Six big achievements of a surprisingly 'do something' Congress

The 111th Congress, which adjourned Wednesday, is one of the most productive in US history, its 13 percent approval rating notwithstanding.

4. Big tax-cut extension, plus new stimulus

Joshua Roberts/Reuters
President Obama defends his plan to renew Bush-era tax cuts, as well as to extend unemployment insurance, at the White House in Washington on Dec. 6.

Congress averted the largest tax increase in American history by voting in December to extend the Bush-era tax cuts for two years, including for the highest-income households.

The deal Obama cut with Republican lawmakers also includes billions in stimulus spending, including a one-year payroll tax holiday that slashes by one-third what workers pay into Social Security each pay period, effective Jan. 1, 2011. It extends federal unemployment benefits for the long-term unemployed for another 13 months, continues tax credits for college students, expands access to the $1,000 child-tax credit, and protects some 22 million families from the alternative minimum tax, which Congress neglected to index for inflation when it created the AMT in 1982.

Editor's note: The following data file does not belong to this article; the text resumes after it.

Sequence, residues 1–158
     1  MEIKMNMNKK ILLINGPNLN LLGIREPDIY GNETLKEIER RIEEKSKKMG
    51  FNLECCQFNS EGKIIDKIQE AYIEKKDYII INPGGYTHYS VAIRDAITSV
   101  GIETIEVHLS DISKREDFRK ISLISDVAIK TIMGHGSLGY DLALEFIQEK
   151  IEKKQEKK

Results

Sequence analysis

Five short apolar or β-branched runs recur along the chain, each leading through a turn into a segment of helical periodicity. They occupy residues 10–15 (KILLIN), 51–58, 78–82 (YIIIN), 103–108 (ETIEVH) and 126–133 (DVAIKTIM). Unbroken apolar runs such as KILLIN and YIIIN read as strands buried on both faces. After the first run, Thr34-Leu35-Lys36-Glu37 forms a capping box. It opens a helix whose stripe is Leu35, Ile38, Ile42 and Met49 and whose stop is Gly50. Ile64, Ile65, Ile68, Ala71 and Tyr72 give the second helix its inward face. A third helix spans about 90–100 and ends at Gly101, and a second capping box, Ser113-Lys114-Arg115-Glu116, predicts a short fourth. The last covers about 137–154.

The most controversial element of the package, perhaps, exempts inherited property from the estate tax for estates up to $5 million (for individuals) and $10 million (for couples). If Congress had not acted, as of 2011 estates of more than $1 million would have been taxed at a rate of 55 percent. Democrats would have lowered the threshold for taxation, and taxed eligible estates at a higher rate than the final legislation calls for.

Ending the Bush-era tax cuts for high-income taxpayers was important to Democrats, who campaigned in 2006, 2008, and 2010 to do just that. But after much uproar, enough of them backed Obama in the end to allow the compromise package to pass.

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